At the moment, Hillary Clinton hasn't yet admitted defeat in the Democratic presidential primary, but it is pretty much a done deal.
By the time this magazine mails, it's no gamble to say it will officially be Barack Obama on the Democratic side and John McCain on the Republican side in the race for President of the United States.
I try to avoid politics in this column for all the same reasons you avoid them at the dinner table. I'm definitely pro-business, which shouldn't put me on either side of the party line really. (Although, someone once sent me an email comparing me to Rush Limbaugh for a supportive slant I took on behalf of small business. Now, that's just plain silly. I guess it would be worse if this person said I looked like him too.)
No matter how you feel about Hillary as a presidential candidate or as a person — and I know her name alone sparks a reaction from many — she's put up a good fight, and I respect her for that.
Looking around our industry, this is another strong year for women in baking as well.
The Retail Bakers of America (RBA) just tapped Lynn Schurman as president of the association. Lynn is a long-time member and active leader of the RBA and co-owns a full-line retail bakery in Cold Spring, Minn.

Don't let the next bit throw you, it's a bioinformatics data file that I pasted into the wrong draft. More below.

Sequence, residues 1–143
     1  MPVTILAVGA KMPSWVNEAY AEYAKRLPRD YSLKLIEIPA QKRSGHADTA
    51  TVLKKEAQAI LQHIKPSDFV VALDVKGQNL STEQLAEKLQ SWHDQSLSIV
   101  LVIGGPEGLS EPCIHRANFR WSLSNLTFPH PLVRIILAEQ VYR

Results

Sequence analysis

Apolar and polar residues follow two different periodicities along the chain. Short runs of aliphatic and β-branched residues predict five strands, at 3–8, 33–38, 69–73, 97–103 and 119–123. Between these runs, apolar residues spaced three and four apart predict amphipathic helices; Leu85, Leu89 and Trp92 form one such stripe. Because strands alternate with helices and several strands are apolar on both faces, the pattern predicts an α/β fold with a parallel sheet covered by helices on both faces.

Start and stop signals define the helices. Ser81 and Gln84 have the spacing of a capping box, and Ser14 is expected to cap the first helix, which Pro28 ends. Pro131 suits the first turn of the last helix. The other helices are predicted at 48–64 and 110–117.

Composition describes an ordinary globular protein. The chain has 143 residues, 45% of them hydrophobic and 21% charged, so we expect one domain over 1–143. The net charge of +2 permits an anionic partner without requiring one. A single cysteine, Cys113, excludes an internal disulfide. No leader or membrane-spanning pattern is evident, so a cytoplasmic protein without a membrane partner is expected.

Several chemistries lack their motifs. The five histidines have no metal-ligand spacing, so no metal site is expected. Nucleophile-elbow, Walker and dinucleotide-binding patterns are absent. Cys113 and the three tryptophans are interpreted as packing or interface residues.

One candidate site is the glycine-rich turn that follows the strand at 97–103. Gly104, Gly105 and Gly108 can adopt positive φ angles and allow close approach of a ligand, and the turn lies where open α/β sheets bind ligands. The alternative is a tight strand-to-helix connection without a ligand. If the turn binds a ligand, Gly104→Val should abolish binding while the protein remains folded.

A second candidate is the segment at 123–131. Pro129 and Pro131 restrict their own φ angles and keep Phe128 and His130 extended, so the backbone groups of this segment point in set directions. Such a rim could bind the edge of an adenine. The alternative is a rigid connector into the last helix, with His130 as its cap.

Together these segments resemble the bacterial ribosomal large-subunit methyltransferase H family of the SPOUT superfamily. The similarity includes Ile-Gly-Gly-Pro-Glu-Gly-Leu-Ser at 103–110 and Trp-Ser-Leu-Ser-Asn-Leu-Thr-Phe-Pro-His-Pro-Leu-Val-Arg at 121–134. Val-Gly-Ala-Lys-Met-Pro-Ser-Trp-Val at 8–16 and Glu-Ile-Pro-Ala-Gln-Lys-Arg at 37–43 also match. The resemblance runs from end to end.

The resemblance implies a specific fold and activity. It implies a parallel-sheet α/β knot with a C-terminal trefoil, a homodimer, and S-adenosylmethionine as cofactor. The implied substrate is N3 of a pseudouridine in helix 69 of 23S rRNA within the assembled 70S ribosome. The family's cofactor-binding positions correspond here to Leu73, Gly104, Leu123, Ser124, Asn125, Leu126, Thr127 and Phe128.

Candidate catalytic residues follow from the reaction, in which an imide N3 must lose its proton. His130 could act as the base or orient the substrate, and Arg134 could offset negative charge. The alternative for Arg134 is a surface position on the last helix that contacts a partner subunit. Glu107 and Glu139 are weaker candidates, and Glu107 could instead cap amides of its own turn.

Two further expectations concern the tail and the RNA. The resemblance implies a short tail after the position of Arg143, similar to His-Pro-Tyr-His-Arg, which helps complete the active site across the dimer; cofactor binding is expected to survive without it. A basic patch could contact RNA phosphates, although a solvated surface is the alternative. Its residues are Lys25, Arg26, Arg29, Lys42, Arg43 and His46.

We all know about the two women on the 2008 Bread Bakers Guild Team USA. The guild also has organized an educational tour that spotlights the many talented female bakers who belong to the BBGA as instructors.
Even on the industrial side of the baking industry, more women are choosing baking science careers. At the American Society of Baking's Baking Tech conference held in Chicago this spring, the 2008 graduating class from Kansas State University's grain science and industry department was recognized at the conference. The majority of those in attendance were young women.
Some of the best-run supermarket in-store bakeries are directed by women, and many at the in-store bakery manager level are female. Sendik's Food Markets, this month's featured in-store operation, is a shining example of what a few savvy female bakery managers are doing.
A recent USA Today article pointed out that the number of women business founders is on the rise. In fact, twice as many women are launching new businesses as men. However, only three that were founded by women grew to be Fortune 1000 companies, according to USA Today. The article cites a number of different possible reasons for this, but I don't think achieving that sort of landmark is as important for most women as other priorities.
The article quotes Maxine Clark, founder and C.E.O. of Build-A-Bear Workshop, which generated $474 million in 2007. “Maybe size is not what drives a female entrepreneur but relative profitability, impact on society, company culture, employee satisfaction and other values,” Clark said.
I think Clark is on to something here. That is certainly true of most female entrepreneurs in the baking industry. Of course, it is also true of many of the men in this industry. There are much easier professions than a bakery business to make it to any Fortune list. Profitability is absolutely necessary, but to be a success in this business requires a passion for something more than a buck.